Monday, 14 March 2011

Letter to Thackray - Mary Bateman

I wrote an email to the Thackray detailing my issues with the display of Mary Bateman's remains. It went as follows:

"I am writing in the regards to your current display of the remains of Mary Bateman, who you advertise as 'The Yorkshire Witch'. I find the display of an executed woman's remains, especially one who you identify as a witch, ill-fitting with the ethos of a progressive and scientific educational establishment. The incomplete skeleton seems to me to have little educational value beyond morbid shock value, genuine human skeletons that have been legitimately donated are not hard to come by and would be a far greater benefit to children and adults visiting the museum. The continued ill-treatment of her remains for the past 202 years seems to far exceed the nature of her crimes, however serious. This woman paid the ultimate price for her misdeeds during her life, she died pitifully and publicly. To continue to punish her now by displaying her in a disrespectful manner while other women and men who were also executed at the time were eventually buried and laid to rest begs the question, why is Mary Bateman still displayed? To me it seems obvious that her status as a witch seems to give cause to sensationalise her death and to monopolise on the barbaric treatment of her corpse post-mortem. I'm sure her body brings in good revenue for the museum, but I think the neglect of the moral issues of displaying a corpse for little other reason than her connection to a set of folk-beliefs is somewhat archaic. This woman is a part of our cultural heritage, she is a child of the city who's genetic material is still living, walking and breathing around us. From a scientific point of view, I think a display surrounding the continuing nature of DNA would be a far greater benefit, and of a far less morbid nature.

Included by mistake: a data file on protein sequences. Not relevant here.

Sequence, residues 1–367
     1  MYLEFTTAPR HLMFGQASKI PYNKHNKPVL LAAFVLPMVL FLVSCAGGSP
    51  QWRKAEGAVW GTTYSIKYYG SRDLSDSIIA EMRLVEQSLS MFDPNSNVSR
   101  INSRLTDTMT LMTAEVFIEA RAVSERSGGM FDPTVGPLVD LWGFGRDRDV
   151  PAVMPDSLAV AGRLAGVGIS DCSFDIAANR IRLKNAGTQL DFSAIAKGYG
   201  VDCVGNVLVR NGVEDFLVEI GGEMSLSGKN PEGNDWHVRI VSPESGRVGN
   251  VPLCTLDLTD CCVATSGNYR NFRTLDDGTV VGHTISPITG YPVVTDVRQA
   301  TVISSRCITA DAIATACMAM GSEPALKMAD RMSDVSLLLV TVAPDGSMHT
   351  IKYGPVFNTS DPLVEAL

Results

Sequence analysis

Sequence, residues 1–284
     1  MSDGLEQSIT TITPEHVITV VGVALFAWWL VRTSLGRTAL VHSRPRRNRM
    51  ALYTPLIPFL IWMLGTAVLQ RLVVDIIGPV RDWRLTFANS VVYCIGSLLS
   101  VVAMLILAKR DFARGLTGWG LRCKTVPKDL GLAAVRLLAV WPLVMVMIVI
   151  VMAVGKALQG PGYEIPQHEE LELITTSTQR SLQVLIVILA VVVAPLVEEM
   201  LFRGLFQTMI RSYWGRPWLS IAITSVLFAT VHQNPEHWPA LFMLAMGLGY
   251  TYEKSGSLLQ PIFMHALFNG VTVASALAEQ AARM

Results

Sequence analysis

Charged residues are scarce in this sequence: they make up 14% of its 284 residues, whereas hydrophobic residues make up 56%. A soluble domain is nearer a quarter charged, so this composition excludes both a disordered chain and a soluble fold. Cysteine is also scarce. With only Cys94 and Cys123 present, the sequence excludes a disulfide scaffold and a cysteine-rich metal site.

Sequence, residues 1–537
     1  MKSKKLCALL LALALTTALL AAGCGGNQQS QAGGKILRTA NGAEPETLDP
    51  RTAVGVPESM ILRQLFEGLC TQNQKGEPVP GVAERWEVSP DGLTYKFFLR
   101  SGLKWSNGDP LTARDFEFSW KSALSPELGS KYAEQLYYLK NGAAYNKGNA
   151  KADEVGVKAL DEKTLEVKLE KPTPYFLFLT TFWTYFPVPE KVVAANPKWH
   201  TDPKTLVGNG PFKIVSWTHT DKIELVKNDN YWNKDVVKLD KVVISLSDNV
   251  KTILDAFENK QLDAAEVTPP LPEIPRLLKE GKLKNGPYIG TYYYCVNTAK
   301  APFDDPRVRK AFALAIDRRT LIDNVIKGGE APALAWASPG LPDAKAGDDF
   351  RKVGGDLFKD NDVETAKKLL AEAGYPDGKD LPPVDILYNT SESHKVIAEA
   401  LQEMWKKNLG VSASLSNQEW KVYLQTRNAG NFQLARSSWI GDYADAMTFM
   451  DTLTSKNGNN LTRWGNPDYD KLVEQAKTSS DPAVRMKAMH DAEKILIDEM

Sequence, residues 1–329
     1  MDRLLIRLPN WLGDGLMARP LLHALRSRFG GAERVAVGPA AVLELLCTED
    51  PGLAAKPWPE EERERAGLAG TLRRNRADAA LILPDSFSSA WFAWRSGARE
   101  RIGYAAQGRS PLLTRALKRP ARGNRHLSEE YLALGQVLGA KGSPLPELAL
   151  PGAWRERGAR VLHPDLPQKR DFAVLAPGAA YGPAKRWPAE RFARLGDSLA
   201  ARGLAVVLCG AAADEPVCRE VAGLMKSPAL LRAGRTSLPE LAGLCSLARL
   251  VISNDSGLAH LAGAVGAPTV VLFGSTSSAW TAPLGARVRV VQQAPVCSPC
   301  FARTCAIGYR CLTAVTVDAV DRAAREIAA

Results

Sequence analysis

I think a burial for Mary Bateman is 202 years late, and the costs should be met by Leeds University, or whoever has profited the most from the display of her bones. However, I am quite willing to fund raise to help towards the costs."

I have no idea how much interest this small campaign has beyond myself and a few associates who have discussed it with me, but if anyone else wishes to write to them, you can email the museum at

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